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  1. #1

    Default Push button 4wd vs Stick 4wd ~ Chevy Silverado

    What's your preference, the push button 4WD or the stick 4WD? I'm looking at a truck with the stick 4WD and at first I said no way, now I'm not so sure.

    Here's the 2007+ NBS 4WD rotational shifter/knob.
    Click image for larger version. 

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    Here's a 2012 4WD manual floor-mounted shifter.
    Click image for larger version. 

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    Looks like it's possible to purchase the button components for older Silverados. Maybe NBS as well?
    Click image for larger version. 

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    Looks like you can also purchase the shifters as well. I wonder how hard of a conversion it is?
    Click image for larger version. 

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    Last edited by ChevyFan; 10-11-2012 at 01:09 PM. Reason: Added photos to this post.

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  2. #2

    Default

    Manual transfer cases are the way to go. The electronics on the feminine 4x4 are common failure points. There is no more effort involved to use a manual case than there is to shift your automatic transmission from park to drive.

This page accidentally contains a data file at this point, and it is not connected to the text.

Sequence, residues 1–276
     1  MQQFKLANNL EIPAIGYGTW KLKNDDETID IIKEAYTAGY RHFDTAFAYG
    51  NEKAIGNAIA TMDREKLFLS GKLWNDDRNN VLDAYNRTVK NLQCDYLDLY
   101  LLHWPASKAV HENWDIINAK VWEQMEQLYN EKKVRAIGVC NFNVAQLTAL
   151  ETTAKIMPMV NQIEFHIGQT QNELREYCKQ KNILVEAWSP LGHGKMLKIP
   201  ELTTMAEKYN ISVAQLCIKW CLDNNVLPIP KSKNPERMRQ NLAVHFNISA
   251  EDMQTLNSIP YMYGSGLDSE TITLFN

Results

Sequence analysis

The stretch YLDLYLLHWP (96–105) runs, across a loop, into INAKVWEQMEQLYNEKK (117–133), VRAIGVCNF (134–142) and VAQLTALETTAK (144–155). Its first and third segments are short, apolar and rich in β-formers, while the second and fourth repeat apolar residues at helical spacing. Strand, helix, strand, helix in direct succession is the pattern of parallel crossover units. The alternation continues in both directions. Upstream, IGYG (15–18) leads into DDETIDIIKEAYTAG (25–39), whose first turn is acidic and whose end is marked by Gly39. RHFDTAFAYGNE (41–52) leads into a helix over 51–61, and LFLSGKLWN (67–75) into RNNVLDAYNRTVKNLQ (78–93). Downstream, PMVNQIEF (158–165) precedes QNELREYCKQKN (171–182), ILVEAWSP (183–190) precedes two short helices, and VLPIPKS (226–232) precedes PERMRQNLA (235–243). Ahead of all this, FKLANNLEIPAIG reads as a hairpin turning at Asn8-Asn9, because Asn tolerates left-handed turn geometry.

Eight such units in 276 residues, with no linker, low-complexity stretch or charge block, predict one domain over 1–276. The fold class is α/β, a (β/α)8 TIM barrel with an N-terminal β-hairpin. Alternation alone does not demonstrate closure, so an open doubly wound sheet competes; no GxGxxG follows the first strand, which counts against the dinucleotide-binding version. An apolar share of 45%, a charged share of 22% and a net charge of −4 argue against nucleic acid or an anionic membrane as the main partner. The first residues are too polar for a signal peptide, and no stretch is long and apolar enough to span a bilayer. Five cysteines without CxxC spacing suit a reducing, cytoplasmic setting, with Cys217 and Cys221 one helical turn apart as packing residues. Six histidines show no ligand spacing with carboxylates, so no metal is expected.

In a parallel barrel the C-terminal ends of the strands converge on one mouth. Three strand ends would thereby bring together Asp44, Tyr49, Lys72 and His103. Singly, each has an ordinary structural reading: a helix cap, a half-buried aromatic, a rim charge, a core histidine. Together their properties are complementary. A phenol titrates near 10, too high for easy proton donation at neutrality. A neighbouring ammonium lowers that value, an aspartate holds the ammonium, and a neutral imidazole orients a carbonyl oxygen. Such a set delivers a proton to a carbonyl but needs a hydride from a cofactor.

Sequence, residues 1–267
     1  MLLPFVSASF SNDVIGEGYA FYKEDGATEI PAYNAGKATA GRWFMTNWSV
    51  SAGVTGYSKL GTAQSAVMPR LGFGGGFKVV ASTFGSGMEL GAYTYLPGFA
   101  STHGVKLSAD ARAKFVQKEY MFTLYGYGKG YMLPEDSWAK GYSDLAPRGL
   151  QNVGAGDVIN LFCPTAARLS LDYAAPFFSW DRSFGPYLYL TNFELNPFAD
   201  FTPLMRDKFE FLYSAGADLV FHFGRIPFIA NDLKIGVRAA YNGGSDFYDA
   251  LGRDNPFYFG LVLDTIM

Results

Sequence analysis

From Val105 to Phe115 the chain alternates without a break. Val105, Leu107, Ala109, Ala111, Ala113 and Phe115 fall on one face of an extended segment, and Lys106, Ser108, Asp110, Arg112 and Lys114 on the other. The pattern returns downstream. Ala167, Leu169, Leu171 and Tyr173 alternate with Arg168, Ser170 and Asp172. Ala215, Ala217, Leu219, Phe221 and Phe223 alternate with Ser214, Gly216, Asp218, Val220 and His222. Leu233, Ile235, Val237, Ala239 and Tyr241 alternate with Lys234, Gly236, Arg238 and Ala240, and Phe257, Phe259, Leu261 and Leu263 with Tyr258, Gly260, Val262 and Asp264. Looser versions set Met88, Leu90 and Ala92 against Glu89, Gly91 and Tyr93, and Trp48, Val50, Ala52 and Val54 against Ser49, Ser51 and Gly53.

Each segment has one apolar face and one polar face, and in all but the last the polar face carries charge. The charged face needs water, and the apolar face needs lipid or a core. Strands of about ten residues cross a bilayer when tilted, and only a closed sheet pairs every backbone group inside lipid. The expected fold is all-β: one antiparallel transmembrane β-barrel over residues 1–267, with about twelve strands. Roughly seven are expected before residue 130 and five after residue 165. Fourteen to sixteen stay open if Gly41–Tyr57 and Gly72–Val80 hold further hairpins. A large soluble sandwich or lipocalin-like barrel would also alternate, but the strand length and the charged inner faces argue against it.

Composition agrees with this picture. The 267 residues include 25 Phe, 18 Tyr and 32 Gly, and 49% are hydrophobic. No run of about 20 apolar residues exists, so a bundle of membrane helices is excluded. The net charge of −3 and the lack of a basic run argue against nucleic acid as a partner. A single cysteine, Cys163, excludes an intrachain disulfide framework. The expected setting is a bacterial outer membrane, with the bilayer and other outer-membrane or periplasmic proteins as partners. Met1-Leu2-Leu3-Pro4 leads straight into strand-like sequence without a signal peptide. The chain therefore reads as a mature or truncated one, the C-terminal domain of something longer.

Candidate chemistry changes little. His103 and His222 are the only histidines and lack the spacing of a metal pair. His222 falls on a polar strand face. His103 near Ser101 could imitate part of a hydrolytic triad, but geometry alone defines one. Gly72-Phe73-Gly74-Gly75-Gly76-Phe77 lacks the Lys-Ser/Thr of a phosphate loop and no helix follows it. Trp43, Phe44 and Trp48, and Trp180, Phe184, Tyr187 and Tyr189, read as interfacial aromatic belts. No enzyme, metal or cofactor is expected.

Why have you been against it up to this point?
    "It went together didn't it? Well then there has to be a way to take it apart!" - Me.

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  3. #3

    Default

    It's totally a matter of preference. Some people feel that you gain reliability out of the stick -- which is true in a sense because you're mechanically engaging the t-case instead of pushing a button and relying on wiring and a shift motor to do it. Thus, there's less to go wrong.

    Unfortunately that's seldom the failure point. More common is a failure to engage the front diff ... which is electronically actuated in both the stick and push-button systems. It could be a sensor failing to signal the actuator or the actuator, itself. You get the idea ... it's a common point of failure for both systems.

    So it boils down to whether you want a stick or push-button system. It may also boil down to resale implications, as the stick is usually found ont WT's and LS's whereas the push button is found on the higher trim levels that tend to hold higher values.

    I personally wouldn't let it be a deal breaker if I liked everything else about the truck, but that's me.

  4. #4

    Default

    Main concern is the position next to my foot and the loss of leg room up there on the tranny hump. At first it felt like it was up against my leg, now I'm not so sure if i wasn't being to sensitive.

  5. #5

    Default

    The main advantage of stick over pushbutton is the ability to swap it out with a pistol grip with the word HURST on it

  6. #6

    Default

    Quote Originally Posted by barefoot greg View Post
    The main advantage of stick over pushbutton is the ability to swap it out with a pistol grip with the word HURST on it
    That's just wrong...

  7. #7

    Default